FAMILY NUMBER ONE
Our first crow family consists of my old friends, Clara and Eric.
They started nest building in mid-April, choosing a spot in the poplar trees bordering the high school at the end of our street. It was visible for a while, but in May the leaves filled in and the nest was veiled in secrecy
Weeks passed by and I waited to see signs of baby crows. Radio silence — until last week when I woke up to a loud crow-fuffle outside the school.
Half a dozen adult crows were cawing at each other in a circle inside the school fence. Outside the fence sat this little bundle. It seemed as if the adults were trying, and failing, to reach consensus on what do do about the problem at hand.
The dilemma: baby crow was sitting right where, in another half an hour, cars would be pulling up as parents dropped off their children at school.
I went home to collect a protective hat and some conciliatory peanuts, and returned, prepared to move the baby off the road to the relative security of the fence line about 5 feet away. Of course, this did not go over well at all with the adults. A crowd of about a dozen outraged crows had gathered by now, and they all offered their opinions (loudly) from the trees and fence.
Whether it was their advice, or my getting closer, the baby crow picked himself up and scuttled under his own steam to the fence and off the road edge.
Day 2: My husband spotted the baby, somehow herded by it’s parents to the inside of the fence line and into an area overgrown with blackberry bushes. Excellent cover.
Day 3: No sign of baby, but parents being very loud and protective.
Day 4: Spotted the baby up in a small crabapple tree on boulevard beside the school.
Day 5: Nightmare — the school gardener had taken a weed-wacker to the area where the baby had been taking cover. A sea of chopped up blackberry stems. No sign of baby.
Day 6: Spotted the baby hopping around the diced foliage. Phew. Parents cawing protectively.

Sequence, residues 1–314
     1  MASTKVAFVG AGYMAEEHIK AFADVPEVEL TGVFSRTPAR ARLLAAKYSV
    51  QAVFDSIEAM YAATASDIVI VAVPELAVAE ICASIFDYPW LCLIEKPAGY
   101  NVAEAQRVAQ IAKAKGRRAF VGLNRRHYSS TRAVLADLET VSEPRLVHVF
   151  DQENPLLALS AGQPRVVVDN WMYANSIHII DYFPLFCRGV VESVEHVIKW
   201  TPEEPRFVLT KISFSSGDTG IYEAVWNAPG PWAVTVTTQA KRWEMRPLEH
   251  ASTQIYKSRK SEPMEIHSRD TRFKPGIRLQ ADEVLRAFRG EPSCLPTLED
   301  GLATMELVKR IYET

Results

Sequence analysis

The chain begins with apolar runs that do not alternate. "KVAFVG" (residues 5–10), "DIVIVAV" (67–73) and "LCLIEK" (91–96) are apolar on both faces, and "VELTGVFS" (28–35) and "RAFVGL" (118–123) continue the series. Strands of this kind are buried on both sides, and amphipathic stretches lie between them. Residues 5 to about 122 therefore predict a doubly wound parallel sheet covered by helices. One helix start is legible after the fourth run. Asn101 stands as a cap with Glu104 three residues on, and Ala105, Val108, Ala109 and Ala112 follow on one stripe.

Day 7: Heart stopping moment when I see this inert form lying in the middle of the empty school parking lot.
Closer inspection reveals it to be a rolled up black sock. But no sign of baby and parents around but not being protective. Not a good sign.
Day 8: Up very early again to see if I can catch the faintest sound of a baby crow calling. Silence. No baby sounds, no parental cawing. Eric and Clara were in their usual spots but not seeming to be in protective mode any more.
If this fledgling hasn’t survived, it will be the second year in a row that Eric and Clara have not produced any young. Last year no babies made it out of the nest — I think because a big windstorm that happened just as they were about to fledge.
However, better news from …
FAMILY NUMBER TWO
This crow family lives about six blocks from us. I see them on the daily dog walks.
It’s rather hospitable area for a growing crow family — a quiet street, lined on both sides with very big, leafy trees The crows there seem to be the first ones in the neighbourhood to have their babies out of the nest.
Last winter I started to notice one particular crow around there. She stood out from the corvid crowd because of what looked like a streak of white on one wing. The flash of white is actually because one feather sticks out at an awkward angle, but the name White Wing stuck in my head.
Her feather mishap didn’t seem to slow her down at all and I saw her almost every day — until early March, when she disappeared. I was quite worried. as it seemed a bit early for the annual nest building, when couples do tend to make themselves scarce.
I saw her companion almost every day, but no sign of White Wing.
Until just over two weeks ago.
Remember this little fellow from my last blog post, Fledgling Alert — he had just dragged himself (literally) out of the gutter. It turns out that he and two siblings are White Wing’s offspring.
Now I see White Wing every day, being harassed by her brood of hungry offspring.
These crow babies are gaining skills fast. They can fly now — airborne, if not graceful. This fledgling was playing with a twig on a roof and managed to hop/fly to another roof while still hanging on to her treasure.
Already the bright blue eyes of the first few days are changing to a soft grey. They’ll keep the bright pink “gape” of the mouth for a few more weeks as they continue to beg their parents to be fed.
While life will continue to be a risky business for Whitewing’s three offspring — fledglings seem to do quite well in this little neighbourhood every year.
The leafy canopy of trees provides some cover from aeriel predators like eagles and hawks (although there is a hawk’s nest in those same trees a block or so down the street). It’s a street with lots of gardens, providing plenty of cover, and not much traffic.
I’ll try and keep you posted on the progress of families one and two. I’m still hoping against hope for Eric and Clara’s single fledgling, but preparing to accept that things haven’t worked out for them this year.
There is also a third family on my radar — post pending.
Marvin and Mavis have a nest in the same trees as Eric and Clara and they seem determined to keep their babies in there until the last minute.
Stay tuned …..